The major predictor of TH-302 activity is the extent of tumor hypoxia . We therefore hypothesized that increasing tumor hypoxia could improve TH-302 activity. Experimental evidence show that the most effective approach to decrease tumor oxygenation (pO2) is increasing the oxygen consumption rate (OCR) . This was effective in RKO cells in which pharmacological inhibition of hypoxia-inducible factor 1-alpha (HIF-1α) with echinomycin increased OCR, decreased tumor pO2, and increased the activity of the HAP, tirapazamine . While HIF-1α inhibition was effective at increasing OCR, pharmacological inhibition may induce chronic hypoxia that could promote further adaptation and possibly increased HAP side effects. A separate study demonstrated that [1-13C]pyruvate infusion during hyperpolarized MRI studies substantially decreased tumor pO2 and increased hypoxia in squamous cell carcinoma (SCC) tumors . The effect was transient, with peak hypoxia observed at 30 min, returning to baseline within 5 h. Pyruvate also stimulates OCR across a panel of breast cancer cell lines , consistent with historical data that shows increased OCR in response to pyruvate (or lactate) in neurons and cardiac myocytes [10-12]. Because pyruvate 1) transiently decreases tumor pO2, 2) decreases tumor pO2 metabolically rather than pharmacologically, and 3) produces no detectable side effects, we hypothesize that pyruvate would be a successful adjuvant to enhance TH-302 efficacy.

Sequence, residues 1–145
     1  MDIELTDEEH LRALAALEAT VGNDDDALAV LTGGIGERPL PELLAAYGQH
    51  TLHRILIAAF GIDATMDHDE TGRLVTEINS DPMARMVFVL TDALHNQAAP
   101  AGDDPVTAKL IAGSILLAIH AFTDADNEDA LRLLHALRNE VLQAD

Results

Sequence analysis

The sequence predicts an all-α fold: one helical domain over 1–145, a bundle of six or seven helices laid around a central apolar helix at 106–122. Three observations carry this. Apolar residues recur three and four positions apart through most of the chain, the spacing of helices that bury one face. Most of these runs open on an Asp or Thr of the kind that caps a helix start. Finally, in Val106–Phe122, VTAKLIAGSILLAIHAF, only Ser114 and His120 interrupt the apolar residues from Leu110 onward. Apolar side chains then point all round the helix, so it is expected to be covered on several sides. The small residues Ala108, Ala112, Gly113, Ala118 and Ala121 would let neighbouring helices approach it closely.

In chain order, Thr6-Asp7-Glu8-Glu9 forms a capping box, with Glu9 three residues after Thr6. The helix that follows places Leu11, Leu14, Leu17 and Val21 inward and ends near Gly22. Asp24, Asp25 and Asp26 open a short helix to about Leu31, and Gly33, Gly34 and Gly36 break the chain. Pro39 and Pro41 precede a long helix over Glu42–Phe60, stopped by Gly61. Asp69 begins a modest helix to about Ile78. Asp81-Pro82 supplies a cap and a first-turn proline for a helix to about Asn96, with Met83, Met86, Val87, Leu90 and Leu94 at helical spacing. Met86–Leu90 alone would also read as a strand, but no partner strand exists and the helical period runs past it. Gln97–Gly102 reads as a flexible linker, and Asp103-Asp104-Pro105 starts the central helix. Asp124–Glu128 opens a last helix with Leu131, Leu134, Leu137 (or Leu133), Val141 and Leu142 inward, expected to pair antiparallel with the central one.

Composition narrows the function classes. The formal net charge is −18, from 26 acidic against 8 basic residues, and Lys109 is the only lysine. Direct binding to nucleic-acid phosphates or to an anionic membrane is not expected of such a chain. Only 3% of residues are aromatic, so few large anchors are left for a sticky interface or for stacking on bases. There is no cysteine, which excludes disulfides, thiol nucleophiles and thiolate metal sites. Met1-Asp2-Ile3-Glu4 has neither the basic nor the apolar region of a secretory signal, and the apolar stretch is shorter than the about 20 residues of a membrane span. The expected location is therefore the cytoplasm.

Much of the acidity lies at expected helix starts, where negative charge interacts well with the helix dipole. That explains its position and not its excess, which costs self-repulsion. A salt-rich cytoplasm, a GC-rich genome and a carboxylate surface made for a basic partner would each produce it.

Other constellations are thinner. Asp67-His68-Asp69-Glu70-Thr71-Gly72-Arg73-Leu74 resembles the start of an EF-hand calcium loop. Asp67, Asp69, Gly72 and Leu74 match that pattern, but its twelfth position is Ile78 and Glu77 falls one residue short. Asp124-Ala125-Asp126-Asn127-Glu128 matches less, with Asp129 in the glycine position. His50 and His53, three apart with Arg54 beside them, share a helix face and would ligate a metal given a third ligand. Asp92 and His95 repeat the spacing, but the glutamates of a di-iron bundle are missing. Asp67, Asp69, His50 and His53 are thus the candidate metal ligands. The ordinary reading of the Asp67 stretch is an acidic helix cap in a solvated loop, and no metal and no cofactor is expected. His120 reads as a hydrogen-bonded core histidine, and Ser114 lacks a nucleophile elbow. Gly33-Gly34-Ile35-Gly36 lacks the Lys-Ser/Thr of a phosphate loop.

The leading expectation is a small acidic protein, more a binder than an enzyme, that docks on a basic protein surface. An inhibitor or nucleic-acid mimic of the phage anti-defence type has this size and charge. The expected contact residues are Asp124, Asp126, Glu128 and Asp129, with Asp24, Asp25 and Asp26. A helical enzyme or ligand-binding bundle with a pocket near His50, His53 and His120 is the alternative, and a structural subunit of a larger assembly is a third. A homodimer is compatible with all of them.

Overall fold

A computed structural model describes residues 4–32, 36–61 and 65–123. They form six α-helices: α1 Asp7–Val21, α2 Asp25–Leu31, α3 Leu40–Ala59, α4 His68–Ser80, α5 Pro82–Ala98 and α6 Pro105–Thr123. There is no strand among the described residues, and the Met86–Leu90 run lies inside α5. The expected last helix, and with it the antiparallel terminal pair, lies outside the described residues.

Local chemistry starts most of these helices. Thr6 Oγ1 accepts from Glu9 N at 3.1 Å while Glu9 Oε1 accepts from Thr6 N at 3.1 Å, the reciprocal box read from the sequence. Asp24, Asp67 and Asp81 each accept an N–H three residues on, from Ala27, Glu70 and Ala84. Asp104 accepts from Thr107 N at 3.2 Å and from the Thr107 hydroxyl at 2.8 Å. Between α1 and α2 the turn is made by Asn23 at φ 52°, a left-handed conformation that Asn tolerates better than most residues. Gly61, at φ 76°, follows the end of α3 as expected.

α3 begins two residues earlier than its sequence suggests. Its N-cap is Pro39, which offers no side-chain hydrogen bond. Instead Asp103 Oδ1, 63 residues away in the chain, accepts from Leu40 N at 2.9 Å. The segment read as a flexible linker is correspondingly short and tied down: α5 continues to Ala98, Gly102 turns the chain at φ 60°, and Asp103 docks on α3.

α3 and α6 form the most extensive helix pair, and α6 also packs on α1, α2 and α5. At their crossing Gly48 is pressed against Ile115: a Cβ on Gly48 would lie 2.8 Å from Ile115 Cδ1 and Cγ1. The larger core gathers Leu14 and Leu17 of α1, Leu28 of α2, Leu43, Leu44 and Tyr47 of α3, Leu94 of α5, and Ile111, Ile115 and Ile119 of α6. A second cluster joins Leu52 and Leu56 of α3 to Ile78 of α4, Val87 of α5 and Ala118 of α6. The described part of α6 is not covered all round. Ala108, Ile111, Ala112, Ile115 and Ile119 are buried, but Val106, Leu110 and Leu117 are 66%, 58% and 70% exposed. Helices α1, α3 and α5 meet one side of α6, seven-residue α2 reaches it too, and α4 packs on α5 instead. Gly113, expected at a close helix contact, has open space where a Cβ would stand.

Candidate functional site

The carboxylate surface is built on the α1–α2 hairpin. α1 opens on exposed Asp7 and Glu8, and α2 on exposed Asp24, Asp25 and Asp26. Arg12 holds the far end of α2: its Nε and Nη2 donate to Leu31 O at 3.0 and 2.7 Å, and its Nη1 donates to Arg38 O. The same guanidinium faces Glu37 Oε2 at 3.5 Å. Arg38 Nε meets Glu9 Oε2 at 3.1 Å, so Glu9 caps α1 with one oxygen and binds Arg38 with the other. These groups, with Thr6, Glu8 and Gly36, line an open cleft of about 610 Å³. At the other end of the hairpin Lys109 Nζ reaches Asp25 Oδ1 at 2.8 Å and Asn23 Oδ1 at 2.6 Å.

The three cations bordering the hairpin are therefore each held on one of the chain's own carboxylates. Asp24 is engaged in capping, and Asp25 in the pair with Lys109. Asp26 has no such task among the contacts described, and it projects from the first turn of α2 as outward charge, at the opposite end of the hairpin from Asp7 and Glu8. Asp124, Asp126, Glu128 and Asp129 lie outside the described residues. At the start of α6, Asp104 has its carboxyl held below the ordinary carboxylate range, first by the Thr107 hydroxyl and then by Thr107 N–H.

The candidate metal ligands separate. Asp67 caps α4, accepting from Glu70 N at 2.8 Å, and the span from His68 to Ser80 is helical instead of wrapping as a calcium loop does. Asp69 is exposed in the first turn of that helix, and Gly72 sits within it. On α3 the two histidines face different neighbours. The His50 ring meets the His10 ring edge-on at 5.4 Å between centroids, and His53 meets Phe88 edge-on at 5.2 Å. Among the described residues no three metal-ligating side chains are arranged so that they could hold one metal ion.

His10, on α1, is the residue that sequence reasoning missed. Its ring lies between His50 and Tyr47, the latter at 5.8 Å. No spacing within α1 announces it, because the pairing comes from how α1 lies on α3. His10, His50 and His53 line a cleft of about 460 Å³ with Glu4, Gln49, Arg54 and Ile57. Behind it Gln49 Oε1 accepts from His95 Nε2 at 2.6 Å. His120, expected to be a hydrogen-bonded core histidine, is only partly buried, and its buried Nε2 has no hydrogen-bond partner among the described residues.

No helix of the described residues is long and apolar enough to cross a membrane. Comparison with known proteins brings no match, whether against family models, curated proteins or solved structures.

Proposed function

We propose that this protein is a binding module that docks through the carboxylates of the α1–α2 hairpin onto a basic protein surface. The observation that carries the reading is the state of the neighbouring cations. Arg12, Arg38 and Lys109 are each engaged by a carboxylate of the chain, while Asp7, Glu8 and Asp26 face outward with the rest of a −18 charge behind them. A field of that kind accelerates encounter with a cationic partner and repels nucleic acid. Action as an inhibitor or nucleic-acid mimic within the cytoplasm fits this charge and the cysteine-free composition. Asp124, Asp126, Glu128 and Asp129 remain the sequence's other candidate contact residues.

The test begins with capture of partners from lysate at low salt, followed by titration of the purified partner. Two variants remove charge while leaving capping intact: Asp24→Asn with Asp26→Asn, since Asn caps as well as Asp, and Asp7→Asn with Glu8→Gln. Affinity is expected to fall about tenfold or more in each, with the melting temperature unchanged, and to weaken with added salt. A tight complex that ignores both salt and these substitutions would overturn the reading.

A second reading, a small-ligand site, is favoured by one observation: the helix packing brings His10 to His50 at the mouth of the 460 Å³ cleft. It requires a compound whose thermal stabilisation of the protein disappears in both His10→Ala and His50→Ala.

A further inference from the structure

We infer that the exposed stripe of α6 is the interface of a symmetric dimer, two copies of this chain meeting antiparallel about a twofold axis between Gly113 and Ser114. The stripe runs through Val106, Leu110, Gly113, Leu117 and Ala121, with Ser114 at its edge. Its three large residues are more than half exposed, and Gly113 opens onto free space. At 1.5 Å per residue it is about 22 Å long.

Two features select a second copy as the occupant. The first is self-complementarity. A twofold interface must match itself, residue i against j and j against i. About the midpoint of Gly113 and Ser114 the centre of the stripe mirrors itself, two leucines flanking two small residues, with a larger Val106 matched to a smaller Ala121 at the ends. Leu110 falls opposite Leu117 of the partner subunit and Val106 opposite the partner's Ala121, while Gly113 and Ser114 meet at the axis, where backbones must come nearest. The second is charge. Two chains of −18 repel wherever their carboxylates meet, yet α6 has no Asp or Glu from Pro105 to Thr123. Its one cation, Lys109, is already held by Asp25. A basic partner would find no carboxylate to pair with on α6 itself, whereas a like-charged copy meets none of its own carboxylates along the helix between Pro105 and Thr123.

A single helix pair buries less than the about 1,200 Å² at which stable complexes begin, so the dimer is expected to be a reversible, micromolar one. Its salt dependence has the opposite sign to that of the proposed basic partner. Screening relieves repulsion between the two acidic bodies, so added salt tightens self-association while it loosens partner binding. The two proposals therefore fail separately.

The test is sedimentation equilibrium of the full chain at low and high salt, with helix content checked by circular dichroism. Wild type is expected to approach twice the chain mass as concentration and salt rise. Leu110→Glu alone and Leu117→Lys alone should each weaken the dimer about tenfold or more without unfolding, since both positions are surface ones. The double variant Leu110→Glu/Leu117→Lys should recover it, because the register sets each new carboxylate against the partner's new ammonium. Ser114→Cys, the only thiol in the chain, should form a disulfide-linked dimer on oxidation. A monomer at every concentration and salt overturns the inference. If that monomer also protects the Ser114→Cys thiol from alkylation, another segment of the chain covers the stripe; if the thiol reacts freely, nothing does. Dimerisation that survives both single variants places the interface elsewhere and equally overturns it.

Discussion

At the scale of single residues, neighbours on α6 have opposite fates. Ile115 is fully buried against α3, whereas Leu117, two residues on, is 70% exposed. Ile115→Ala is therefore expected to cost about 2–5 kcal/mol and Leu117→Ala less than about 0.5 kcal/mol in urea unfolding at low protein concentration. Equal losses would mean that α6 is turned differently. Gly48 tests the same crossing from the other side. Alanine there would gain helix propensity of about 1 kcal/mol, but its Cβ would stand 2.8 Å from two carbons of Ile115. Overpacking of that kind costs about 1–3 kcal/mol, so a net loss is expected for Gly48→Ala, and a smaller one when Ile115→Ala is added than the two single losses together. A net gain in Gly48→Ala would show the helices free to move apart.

A consequence of a desmoplastic stroma is poor perfusion, particularly in pancreatic ductal adenocarcinoma (PDAC). PDAC tumors are profoundly hypoxic in comparison to normal pancreatic tissue  which is a negative prognostic factor . TH-302 is highly effective in preclinical pancreatic models  and has been effective in phase I/II trials in combination with gemcitabine (GEM), increasing progression-free survival of late-stage cancers by 2 months . These encouraging results justified a phase III trial, which is ongoing (NCT01746979).
In the present study, we utilized PDAC models to demonstrate the ability of exogenous pyruvate to stimulate oxygen consumption in vitro and transiently decrease tumor pO2 in vivo. The decrease in tumor pO2 correlated with improved TH-302 efficacy, demonstrated by significant tumor volume decreases and increased survival. We also identified potential imaging and histological biomarkers that can be used to predict responsive tumor types. These data support the concept that temporarily increasing tumor hypoxia can improve the efficacy of HAPs, including TH-302, against PDAC and other cancer types in the clinic.
SU.86.86 and Hs766t cells were obtained from Threshold Pharmaceuticals (Redwood City, CA, USA), and MiaPaCa-2 cells were obtained from American Type Cell Collection (ATCC, Manassas, VA, USA). The cells were maintained in RPMI-1640 (Life Technologies) supplemented with 10% fetal bovine serum (FBS) (HyClone) (SU.86.86) and Dulbecco’s modified Eagle’s medium-F12 (DMEM-F12) (Life Technologies) supplemented with 10% FBS (Hs766t and MiaPaCa-2). All three cell lines were resuscitated from low passage with all experiments carried out with cells of passage numbers less than 10 (SU.86.86) and 20 (Hs766t and MiaPaCa-2).